Novelist and naturalist Matthiessen turns from the history and decline of the Siberian Tiger (Tigers in the Snow, 1999) to the magnificent crane, beloved but threatened throughout the world.
Matthiessen, an avid crane-watcher for over 40 years, here joins other passionate, sometimes eccentric conservationists in their quest to find crane habitats and tag birds so they can be studied. It’s no easy task. The birds themselves, naturally reticent and dwindling in number, are difficult to locate. And even as countless poems and fables testify to the beauty and power of the 15 extant species of cranes, humans’ need to grow food has drained many of the large, musical birds’ wetland mating grounds. Their peril is acute: In 1992, there were only six Indian Siberian cranes left in the wild, putting migratory patterns handed down from crane to crane for 15 million years at serious risk. The American whooping crane is now being bred in captivity in an effort to regenerate its once-strong population. The international conservation movement, only a few decades old, may have come too late to save these magnificent creatures. Matthiessen gracefully interweaves his own awestruck journey with the migration of the cranes. The chapters set in Mongolia and Bhutan are the most evocative and exciting, perhaps because the people Matthiessen meets there respect the cranes as much as he does. He is sympathetic in describing local attitudes toward cranes—by turns reverential and hostile—and chronicling the pressures people are under to sustain their own lives. His deepest sympathy, however, is with the birds, though his recommendations about their future conservation are tentative.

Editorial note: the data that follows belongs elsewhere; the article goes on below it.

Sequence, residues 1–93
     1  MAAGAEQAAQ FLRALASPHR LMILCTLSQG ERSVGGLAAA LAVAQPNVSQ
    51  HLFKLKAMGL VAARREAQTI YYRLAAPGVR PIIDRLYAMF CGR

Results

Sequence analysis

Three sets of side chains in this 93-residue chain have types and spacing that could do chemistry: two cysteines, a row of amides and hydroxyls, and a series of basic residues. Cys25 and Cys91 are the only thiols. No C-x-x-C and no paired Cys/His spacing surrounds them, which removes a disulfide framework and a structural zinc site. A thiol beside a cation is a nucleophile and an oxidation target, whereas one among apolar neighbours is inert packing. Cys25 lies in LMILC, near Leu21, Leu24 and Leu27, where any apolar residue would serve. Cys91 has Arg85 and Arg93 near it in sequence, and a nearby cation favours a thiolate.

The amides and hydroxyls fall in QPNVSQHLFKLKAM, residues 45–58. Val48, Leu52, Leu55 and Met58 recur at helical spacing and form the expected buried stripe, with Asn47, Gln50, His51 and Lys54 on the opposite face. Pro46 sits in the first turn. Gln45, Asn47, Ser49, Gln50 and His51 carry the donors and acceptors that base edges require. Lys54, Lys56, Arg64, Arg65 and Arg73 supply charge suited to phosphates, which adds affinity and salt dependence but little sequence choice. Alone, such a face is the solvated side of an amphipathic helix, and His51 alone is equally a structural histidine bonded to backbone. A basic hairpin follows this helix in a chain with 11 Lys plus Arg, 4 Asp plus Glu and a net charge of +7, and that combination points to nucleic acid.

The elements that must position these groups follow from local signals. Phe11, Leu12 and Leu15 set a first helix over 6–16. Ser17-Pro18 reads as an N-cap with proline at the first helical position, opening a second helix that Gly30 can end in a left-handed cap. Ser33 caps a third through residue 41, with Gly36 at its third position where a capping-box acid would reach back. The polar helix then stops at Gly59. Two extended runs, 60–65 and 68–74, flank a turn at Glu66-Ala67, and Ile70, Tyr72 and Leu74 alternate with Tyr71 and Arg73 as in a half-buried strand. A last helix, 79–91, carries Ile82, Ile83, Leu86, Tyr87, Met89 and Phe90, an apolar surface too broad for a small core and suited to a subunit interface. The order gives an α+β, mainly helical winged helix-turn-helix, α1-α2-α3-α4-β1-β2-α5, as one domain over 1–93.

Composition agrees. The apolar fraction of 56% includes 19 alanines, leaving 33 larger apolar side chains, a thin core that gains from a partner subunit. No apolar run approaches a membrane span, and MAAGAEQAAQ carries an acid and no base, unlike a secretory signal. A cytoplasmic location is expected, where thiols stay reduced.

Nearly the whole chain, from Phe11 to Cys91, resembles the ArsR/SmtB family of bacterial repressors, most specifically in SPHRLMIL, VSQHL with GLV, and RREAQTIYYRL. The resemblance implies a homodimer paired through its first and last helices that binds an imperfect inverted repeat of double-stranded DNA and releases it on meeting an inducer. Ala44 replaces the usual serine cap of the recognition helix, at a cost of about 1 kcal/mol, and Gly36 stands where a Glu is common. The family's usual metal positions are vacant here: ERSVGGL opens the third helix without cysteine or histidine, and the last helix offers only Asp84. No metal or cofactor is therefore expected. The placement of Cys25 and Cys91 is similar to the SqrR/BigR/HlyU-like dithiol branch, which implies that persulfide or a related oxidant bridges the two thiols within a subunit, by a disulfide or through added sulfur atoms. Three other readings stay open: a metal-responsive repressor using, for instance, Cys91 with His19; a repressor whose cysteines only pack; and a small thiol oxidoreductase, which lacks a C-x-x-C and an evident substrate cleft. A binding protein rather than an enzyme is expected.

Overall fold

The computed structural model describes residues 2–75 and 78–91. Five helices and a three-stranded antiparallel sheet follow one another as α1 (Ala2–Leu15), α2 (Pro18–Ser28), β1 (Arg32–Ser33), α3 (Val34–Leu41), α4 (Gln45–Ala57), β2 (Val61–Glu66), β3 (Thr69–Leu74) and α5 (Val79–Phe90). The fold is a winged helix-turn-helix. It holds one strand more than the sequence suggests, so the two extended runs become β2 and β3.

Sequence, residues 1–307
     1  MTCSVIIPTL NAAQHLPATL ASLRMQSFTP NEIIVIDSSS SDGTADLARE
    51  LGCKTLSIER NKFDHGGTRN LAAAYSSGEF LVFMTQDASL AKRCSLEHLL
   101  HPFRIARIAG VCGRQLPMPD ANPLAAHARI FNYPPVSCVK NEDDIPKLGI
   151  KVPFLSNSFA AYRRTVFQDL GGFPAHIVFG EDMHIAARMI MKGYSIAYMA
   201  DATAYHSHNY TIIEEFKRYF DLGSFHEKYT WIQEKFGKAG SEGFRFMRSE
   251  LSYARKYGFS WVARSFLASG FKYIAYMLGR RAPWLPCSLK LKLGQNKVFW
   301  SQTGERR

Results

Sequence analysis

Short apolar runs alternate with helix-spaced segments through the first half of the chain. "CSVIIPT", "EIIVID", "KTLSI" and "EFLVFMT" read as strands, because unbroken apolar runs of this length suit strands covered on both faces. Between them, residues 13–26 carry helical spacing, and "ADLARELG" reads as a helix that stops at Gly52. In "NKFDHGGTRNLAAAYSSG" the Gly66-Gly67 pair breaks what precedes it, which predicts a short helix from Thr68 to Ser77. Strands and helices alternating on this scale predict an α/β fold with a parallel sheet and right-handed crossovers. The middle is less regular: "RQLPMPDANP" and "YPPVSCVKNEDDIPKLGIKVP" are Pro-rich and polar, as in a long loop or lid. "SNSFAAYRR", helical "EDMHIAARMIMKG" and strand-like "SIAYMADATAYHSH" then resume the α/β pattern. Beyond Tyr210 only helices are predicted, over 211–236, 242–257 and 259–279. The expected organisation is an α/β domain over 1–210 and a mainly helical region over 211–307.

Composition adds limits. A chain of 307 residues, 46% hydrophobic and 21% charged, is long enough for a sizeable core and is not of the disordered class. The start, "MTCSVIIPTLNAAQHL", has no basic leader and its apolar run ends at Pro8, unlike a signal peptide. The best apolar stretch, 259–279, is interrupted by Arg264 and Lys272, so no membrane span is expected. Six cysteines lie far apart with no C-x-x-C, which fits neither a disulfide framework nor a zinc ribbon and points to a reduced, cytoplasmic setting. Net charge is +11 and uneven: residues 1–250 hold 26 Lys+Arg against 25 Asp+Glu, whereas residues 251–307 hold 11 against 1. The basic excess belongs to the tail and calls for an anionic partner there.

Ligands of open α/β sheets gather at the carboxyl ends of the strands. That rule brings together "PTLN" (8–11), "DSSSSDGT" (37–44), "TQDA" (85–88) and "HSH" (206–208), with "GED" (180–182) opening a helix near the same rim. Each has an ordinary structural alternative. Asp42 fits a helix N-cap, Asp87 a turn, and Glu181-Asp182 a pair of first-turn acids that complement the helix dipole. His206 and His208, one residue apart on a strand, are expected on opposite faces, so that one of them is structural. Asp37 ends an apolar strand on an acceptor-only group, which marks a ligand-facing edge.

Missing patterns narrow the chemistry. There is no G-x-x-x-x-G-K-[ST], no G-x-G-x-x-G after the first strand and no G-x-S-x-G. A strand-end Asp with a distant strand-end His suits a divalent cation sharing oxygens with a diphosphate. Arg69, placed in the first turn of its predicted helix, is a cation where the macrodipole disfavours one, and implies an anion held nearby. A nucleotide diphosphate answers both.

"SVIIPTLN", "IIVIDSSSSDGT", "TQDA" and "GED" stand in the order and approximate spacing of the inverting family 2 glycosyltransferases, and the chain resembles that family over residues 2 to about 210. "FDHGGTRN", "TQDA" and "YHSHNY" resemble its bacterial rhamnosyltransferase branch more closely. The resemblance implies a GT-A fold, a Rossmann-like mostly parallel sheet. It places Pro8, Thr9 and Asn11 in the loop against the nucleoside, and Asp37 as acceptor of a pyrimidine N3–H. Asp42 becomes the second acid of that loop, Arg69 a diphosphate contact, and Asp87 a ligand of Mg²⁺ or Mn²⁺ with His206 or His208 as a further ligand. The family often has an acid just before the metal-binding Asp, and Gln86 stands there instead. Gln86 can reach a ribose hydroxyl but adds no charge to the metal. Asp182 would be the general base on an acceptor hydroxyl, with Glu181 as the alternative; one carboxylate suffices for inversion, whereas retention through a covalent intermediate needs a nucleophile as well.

While amateur ornithologists will share Matthiessen’s excitement at seeing some of these species for the first time, even crane novices will be fascinated by his elegant depictions of these wondrous birds. (16 pages color illustrations by Robert Bateman, not seen)